But today events unfold at a more accelerated pace. It’s happening faster this time.
In the same way that Luther’s 95 theses directly challenged the most powerful institution of his day, the Cluetrain Manifesto directly challenges today’s most powerful institutions, and its messages seem more prescient than ever. I’ve pulled a few of the statements from the Cluetrain Manifesto, along with an observation or two for each.
Markets are getting smarter… faster than most companies.
Clearly social networks such as Twitter and Facebook, which didn’t exist in 1999, have gained momentum far more quickly among the general population than they have in corporations. Customers are connecting and sharing information at a far faster rate than the companies that serve them. There’s no question that when it comes to social networking, companies lag behind their markets.
Networked conversations are enabling powerful new forms of social organization and knowledge exchange to emerge. As a result, markets are getting smarter, more informed, more organized. Participation in a networked market changes people fundamentally. People in networked markets have figured out that they get far better information and support from one another than from vendors.
Think about where you go when you want to make a buying decision today. In general, you go to peers first. If you want to go to a restaurant, you might go to Yelp or Urban Spoon to read recommendations and reviews from customers. Booking a hotel? If you care about comfort and service, you might go to hotels.com to read some reviews, or if price is a priority, you might go to Priceline where you can set your own price. Want to watch a movie? You can find the best picks at Rotten Tomatoes, Netflix or IMDB, where movie-watchers have a voice.
Companies can now communicate with their markets directly. If they blow it, it could be their last chance.
Some companies have figured out how to create these kinds of direct relationships. Amazon allowed customers to write negative reviews on the store’s website since the day they launched. That was a controversial decision at the time. Why would a retailer allow anyone to post information that would help a customer make a decision not to buy something? Jeff Bezos recalls a publisher calling him and saying “I don’t think you understand your business. You make money when you sell books.” But Bezos knew better. He understood that what connected customers value is a company that will help them make better buying decisions. And today we all understand that.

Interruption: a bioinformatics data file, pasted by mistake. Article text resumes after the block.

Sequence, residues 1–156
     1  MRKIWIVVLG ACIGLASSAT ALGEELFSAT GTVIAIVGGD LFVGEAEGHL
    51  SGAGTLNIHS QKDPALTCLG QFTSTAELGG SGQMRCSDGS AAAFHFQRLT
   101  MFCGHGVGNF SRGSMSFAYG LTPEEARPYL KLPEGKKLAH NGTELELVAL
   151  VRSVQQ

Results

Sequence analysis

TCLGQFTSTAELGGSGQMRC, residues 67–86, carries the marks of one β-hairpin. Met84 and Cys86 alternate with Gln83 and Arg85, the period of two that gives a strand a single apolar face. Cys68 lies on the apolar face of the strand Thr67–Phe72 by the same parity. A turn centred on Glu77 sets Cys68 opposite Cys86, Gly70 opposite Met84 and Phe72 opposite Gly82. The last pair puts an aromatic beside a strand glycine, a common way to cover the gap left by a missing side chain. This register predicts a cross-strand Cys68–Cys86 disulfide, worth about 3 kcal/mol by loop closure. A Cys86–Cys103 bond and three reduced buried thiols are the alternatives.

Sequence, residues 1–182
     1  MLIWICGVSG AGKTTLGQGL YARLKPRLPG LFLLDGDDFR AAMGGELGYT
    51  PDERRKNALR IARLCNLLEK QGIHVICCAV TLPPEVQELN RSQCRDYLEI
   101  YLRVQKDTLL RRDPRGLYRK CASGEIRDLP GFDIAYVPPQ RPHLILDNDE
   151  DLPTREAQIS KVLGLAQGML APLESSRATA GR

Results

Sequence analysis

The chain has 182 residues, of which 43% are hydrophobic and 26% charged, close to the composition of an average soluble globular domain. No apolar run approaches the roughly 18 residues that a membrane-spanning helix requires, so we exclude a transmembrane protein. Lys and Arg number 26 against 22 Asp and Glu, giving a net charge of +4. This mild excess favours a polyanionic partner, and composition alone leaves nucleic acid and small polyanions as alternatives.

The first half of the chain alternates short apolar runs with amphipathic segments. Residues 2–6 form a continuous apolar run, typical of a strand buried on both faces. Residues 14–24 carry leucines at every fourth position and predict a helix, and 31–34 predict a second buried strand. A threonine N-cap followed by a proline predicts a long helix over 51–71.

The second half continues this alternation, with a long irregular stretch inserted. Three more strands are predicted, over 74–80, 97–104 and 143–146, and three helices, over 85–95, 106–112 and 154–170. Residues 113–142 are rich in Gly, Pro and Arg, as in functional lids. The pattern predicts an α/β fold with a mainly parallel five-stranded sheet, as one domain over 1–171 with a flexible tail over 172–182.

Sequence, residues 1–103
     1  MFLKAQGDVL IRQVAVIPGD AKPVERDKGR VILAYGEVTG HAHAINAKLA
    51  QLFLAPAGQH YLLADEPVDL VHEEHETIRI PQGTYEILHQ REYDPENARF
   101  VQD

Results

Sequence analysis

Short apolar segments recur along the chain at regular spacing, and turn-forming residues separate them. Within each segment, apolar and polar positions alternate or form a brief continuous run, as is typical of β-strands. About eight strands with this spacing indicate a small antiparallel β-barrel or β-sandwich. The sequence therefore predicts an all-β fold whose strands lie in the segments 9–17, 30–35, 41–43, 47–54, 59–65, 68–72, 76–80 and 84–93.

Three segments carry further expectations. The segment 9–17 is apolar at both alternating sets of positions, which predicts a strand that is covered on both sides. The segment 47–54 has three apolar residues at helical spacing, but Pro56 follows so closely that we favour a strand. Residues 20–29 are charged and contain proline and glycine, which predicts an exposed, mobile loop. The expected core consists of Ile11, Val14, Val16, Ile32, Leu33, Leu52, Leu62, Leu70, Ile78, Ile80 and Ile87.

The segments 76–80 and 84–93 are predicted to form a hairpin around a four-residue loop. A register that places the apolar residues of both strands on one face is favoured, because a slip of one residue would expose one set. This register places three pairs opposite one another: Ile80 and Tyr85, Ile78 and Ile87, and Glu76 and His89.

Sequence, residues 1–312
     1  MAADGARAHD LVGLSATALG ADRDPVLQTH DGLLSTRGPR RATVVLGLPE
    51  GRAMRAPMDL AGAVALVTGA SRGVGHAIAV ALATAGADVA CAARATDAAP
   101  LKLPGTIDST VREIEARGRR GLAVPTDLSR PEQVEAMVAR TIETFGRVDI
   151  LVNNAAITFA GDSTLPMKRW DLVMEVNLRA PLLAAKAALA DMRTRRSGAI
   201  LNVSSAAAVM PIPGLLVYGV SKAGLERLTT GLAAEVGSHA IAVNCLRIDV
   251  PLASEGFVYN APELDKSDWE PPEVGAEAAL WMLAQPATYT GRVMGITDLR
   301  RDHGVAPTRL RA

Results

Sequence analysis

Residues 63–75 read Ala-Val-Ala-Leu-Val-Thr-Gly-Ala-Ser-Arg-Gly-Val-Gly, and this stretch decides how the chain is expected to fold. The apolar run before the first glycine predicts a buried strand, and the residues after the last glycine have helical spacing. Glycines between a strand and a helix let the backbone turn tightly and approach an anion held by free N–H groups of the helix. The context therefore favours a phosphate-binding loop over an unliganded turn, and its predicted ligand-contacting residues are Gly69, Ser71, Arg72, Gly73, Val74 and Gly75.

There are no secrets. The networked market knows more than companies do about their own products. And whether the news is good or bad, they tell everyone. Companies must ask themselves where their corporate cultures end. If their cultures end before the community begins, they will have no market.
When the Cluetrain Manifesto was written Dell was the poster child of the PC industry, a company that had grown from a college kid’s startup to a $12 billion technology leader in just 13 years. But in 2005, Dell learned a tough lesson when they shut down peer-to-peer customer forums in 2005, and Dell customer (and blogger) Jeff Jarvis, who had recently bought a machine that almost immediately malfunctioned, expressed his dissatisfaction on the web in a post titled “Dell lies. Dell sucks.” Jarvis coined the term “Dell Hell,” saying Dell didn’t “respect [customers] enough to listen to them. Within a week, Dell Hell was a story in the New York Times and Business Week. Hundreds of other bloggers chimed in to tell their “Dell Hell” stories, Dell remained silent, and the PR nightmare snowballed. Dell sales plummeted along with its reputation. At the time, Dell had an internal policy not to communicate not to reply publicly to blogs.
Dell has learned from its mistake and in 2010 launched a customer listening command center to monitor and proactively respond to online conversations, and Founder and CEO Michael Dell is active on social media, engaging with customers directly.